RachelNAdeThe Andes Trek has continued to grow and is now an annual event, taking place during the first week of July. More groups from other churches have become involved and often several treks are made to different parts of the Andes each year. The goal, proclaimed on the group’s website, , is “to blanket the Andes with the Word of God over the next 10 years.” Winfield now pastors Grace Church in Des Moines Iowa but being located in the Midwest hasn’t put a damper on his zeal. His 2000-member church is as missionary minded as he is and they make it possible for him to return to Peru several times each year to supervise the various works. “It’s amazing,” he explains. I leave and the work not only continues but it grows. I guess that shows you who’s really in charge of the work of spreading the Gospel—it sure ain’t me.”

This July I returned once again to the Andes along with 30 other Americans. The trek took us through the Cordillera Negra—so named because there is little precipitation here and consequently no snow even on the highest peaks.

Few people visit the Cordillera Negra, yet there are many villages that dot the deep valleys. And despite the sparse rainfall during the South American winter, there are enough small streams to provide irrigation for the terraced fields of wheat and other crops grown by the Quechua.

HuarazAccHike_thumbnaiAfter two days of acclimatizing in Huaraz we piled into a pair of small, underpowered Toyota buses for the dusty, 5-hour ride on a narrow dirt road that hugged the sides of a mountain. A truck with our gear followed slowly behind. The buses struggled with their loads climbing ever higher until topping out at 14,660 feet. Finally gravity’s drag relented and became our friend. Several hours later we rolled into the small village of Punap. An ecstatic group of Quechua were waiting to welcome us.

InPunap_thumbnaiWe carried our backpacks almost a quarter mile down a steep slope to a grassy field enclosed by rock walls on three sides. Here we set up our first camp. There was yet one hitch—the truck carrying all of our gear hadn’t arrived. Two hours later the driver showed up. He said he "took it slow" on the dangerous roads, which made me wonder whether our bus drivers were trying to establish a new course record.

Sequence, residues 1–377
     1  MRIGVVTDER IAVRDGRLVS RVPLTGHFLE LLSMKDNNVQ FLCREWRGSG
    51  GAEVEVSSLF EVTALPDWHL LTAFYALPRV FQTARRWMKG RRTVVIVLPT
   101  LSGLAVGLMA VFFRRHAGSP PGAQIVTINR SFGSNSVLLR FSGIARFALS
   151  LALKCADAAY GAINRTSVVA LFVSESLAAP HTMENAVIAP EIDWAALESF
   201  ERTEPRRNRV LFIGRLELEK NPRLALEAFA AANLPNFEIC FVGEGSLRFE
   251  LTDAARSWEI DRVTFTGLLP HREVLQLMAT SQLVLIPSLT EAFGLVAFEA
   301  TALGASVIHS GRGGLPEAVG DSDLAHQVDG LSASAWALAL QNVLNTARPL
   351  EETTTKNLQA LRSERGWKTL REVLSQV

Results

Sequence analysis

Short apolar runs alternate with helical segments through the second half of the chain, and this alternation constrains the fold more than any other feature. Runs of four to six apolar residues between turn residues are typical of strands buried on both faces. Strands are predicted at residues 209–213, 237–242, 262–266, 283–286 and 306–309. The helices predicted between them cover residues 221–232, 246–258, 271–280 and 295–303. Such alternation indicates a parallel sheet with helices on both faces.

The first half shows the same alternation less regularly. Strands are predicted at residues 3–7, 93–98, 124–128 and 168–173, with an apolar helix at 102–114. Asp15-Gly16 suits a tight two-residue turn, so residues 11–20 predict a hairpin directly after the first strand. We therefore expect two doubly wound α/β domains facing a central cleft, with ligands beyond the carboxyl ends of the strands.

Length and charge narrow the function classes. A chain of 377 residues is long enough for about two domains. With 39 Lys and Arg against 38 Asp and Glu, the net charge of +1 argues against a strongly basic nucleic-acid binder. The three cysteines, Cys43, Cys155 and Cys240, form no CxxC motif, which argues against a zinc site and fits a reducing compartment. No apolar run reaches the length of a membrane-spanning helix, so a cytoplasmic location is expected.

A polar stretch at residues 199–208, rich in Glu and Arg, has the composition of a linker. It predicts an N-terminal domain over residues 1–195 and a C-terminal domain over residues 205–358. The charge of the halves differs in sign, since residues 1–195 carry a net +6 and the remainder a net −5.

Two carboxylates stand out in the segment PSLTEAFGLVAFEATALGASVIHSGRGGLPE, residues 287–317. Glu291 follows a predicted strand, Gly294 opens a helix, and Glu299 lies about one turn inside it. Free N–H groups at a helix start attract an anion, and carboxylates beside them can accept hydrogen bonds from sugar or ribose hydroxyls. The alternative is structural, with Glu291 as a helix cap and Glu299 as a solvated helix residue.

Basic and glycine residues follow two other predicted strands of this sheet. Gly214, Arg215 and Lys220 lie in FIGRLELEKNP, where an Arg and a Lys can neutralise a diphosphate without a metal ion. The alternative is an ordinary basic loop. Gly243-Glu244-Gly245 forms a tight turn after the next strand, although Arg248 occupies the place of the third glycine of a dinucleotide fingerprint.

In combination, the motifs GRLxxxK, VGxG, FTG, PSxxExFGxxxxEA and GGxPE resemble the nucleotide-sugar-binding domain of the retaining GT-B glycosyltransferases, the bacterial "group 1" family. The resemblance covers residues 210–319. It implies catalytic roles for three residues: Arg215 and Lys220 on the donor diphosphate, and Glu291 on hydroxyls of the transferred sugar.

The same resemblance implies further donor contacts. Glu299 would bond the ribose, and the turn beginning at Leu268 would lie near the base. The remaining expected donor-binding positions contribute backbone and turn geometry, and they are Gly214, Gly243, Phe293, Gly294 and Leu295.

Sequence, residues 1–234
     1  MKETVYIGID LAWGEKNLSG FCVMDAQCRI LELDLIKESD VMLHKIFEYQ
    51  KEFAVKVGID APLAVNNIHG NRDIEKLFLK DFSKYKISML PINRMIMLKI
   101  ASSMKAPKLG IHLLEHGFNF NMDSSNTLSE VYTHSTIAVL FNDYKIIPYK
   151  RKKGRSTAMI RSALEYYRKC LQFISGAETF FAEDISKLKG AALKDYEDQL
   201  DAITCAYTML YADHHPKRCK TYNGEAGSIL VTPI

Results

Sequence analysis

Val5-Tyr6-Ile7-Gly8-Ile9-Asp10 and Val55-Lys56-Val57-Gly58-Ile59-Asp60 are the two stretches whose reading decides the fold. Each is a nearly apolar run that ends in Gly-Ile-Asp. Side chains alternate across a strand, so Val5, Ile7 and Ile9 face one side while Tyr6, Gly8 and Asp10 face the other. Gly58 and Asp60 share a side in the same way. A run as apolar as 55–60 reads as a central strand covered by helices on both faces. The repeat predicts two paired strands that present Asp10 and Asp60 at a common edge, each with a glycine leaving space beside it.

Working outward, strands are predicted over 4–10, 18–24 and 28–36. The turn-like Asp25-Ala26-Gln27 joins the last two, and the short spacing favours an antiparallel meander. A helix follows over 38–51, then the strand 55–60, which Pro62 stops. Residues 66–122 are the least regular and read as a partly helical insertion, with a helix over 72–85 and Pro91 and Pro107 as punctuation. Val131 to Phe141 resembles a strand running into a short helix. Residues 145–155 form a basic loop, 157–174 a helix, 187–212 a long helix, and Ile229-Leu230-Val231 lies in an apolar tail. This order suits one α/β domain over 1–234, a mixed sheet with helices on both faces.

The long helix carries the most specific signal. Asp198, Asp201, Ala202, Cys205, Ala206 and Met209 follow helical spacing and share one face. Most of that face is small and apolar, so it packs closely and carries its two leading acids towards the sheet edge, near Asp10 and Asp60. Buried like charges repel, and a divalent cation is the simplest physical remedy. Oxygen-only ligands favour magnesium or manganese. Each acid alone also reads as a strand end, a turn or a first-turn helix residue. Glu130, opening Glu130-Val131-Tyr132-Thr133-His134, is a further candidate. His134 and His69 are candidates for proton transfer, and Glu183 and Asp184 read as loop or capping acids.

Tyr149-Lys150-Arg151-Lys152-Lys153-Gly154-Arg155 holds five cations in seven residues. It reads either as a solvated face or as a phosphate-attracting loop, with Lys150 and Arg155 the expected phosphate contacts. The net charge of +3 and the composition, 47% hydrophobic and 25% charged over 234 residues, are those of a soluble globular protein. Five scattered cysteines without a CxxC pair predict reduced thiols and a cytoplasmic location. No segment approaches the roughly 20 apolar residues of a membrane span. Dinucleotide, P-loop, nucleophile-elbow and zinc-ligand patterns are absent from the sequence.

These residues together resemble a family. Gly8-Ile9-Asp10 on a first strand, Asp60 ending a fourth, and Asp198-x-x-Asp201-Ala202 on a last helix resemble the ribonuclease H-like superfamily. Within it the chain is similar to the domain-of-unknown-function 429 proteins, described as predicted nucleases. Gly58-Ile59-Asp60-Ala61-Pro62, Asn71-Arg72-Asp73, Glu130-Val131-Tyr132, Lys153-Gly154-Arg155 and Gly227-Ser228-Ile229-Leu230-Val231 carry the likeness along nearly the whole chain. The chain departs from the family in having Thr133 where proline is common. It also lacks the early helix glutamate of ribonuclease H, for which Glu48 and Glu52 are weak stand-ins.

There was little time to ponder that thought. Daylight was fading quickly. We clambered back up to the road to unload our heavier gear—no easy task for us at 11,200 feet. Thankfully, some of the locals volunteered to help. I watched amazed as young boys half my size and older men shouldered our heavy bags effortlessly, carrying them down to the field despite the thin air.

We set up our tents quickly while the cooks set up their larger tent. They always had large pots of boiling water for tea, coffee and to reconstitute the dehydrated meals we brought along with us for dinners.

LoneGringa_thumbnaiWe were behind schedule so we all ate hastily. Meanwhile, one by one, the people of Punap slowly filtered into our campsite for the showing of “The Jesus Film,” a two-hour movie depicting the life of Christ in which virtually every word spoken by Jesus comes from the biblical text of the Gospel of Luke. We had shown this film in Vicos in 2001, using an old video projector run off a car battery. The poor quality image was projected on an old bed sheet we had draped on someone’s adobe house. But technical difficulties didn’t stop several hundred Quechua from showing up that chilly night and standing through the entire presentation.

Tonight however was different. Pastor Winfield’s church had taken up an offering, raising enough money to purchase a DVD player, a Dolby surround-sound system, a huge screen and a generator to run it all. It was like going to the drive-in. Over 400 Quechua showed up that evening. Many of them had never seen a movie in their lives.

It was late by the time we crawled into our tents.

Day breaks in a strange sort of way in the deep valleys of the Andes. The sun is warm and often the difference between being hot and chilly is whether one is standing in the sun or the shade. At the end of a long, cold night where the temperature dips below freezing at altitudes above 12,000 feet leaving the tent frost-covered in the morning the sun is a welcome sight.

Instant oatmeal was on the menu. No time for homemade pancakes or bacon and eggs—there was a lot to be done, and before we could start the work of Bible distribution, we had to break camp, haul all of our gear back up the same hill we had carried it down on the previous day and load it all back on to the truck.

PrayingAlongtheWay_thumbnaiMany of the same volunteers showed up again and we gave them a few soles for their efforts. Finally, we set out to Huasho, a village about 7 miles away. The people there were expecting us and a school had given us permission to camp outside on their concrete basketball court. Along the way we stopped and talked with people on the road. One sick woman stopped us and asked for prayer. Others simply were delighted to receive a copy of God’s word in their own language.